What’s your favourite sport at the Olympics? After reading this, it will definitely be tennis.
As Rio draws ever closer, we’re taking a look at each of the Olympic sports in turn. This week, we’re going down to the tennis court.
1. Miroslav Mecir, a surprise winner of the gold medal in Seoul in 1988, had a gift for winding up top players with his unerringly consistent style and deadpan sense of humour.
Canada’s Glenn Michibata described playing Mecir as “like bleeding to death”. Ivan Lendl had more choice words after Mecir made fun of the taciturn Czech’s tidy-towel fetish during a match in Key Biscayne in the late 1980s.
2. The tennis event at the 1896 Games in Athens was marred by a lack of entries.
— Team GB (@TeamGB) September 4, 2014
Gold went to an Irishman, John Boland, who happened to be on holiday in Greece at the time and was coerced into entering despite having little experience of the game. Bronze was shared by Momcsillo Tapavicza, a Serbian wrestler and weightlifter, and an Australian middle-distance runner, Teddy Flack, both of whom had also been included to make up the numbers.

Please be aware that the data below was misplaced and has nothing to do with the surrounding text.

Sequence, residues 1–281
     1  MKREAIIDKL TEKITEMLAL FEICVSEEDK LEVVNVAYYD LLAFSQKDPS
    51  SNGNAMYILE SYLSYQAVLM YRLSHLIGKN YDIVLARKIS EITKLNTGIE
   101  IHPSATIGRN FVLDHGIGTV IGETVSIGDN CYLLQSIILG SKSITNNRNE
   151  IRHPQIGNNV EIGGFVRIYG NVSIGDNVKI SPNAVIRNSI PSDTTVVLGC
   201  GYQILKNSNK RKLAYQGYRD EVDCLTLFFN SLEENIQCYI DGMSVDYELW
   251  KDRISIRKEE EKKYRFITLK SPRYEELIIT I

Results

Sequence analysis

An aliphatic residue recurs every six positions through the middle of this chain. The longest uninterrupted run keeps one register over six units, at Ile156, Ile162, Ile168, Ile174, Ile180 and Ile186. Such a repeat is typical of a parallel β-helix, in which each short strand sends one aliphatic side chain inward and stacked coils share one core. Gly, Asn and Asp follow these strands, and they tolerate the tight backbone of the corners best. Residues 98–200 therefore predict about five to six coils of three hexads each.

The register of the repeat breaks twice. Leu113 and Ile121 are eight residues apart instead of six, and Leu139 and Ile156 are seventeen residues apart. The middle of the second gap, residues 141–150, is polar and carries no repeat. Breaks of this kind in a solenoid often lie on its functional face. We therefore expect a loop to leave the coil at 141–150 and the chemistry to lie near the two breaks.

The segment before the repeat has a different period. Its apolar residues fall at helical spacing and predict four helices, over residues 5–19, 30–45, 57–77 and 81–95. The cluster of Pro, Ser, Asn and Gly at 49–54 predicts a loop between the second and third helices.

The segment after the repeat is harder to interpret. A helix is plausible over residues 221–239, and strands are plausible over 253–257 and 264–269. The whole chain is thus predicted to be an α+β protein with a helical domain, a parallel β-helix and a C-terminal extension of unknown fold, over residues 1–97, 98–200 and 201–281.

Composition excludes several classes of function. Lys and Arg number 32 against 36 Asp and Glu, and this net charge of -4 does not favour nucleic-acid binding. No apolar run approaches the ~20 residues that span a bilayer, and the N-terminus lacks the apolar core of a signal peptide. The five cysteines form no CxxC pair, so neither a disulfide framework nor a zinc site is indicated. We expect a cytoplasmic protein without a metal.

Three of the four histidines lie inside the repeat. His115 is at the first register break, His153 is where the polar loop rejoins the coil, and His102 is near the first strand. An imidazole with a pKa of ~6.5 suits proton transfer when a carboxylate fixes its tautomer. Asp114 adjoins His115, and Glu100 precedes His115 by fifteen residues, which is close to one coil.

3. A different form of tennis, jeu de paume, made its only appearance in the Olympics in 1908.
Literally translated as “game of the palm”, it was generally played indoors and has its closest modern equivalent in real tennis. The gold medal was won by American Jay Gould, the great-great uncle of 2012 US cycling representative Georgia Gould. And if you’re wondering – yes, that is Razorlight’s Johnny Borrell playing jeu de paume in the picture. And no, we have no idea why.
4. As Olympic tennis prepares to head to Brazil, it is worth noting that Vanessa Menga holds the proud record of being the only Brazilian female tennis player to represent her country in two different Games.
Menga can also boast of being the first professional tennis player to pose for Playboy, having bared just-about all for the magazine in 2001. Menga won no titles and reached a career-high singles ranking of 163, though it is unlikely those will be the statistics she is chiefly remembered for.
5. Goran Ivanisevic provided a timely antidote to all those who questioned tennis’ status as an Olympic sport in 1992.
Ivanisevic, a proud Croatian patriot, had led his nation in the opening ceremony and won two bronze medals, the latter in doubles with his compatriot Goran Prpic. Ivanisevic said: “It’s great to win a medal. It’s like Wimbledon but when I play Wimbledon, it’s for myself. Here, it is for my country.”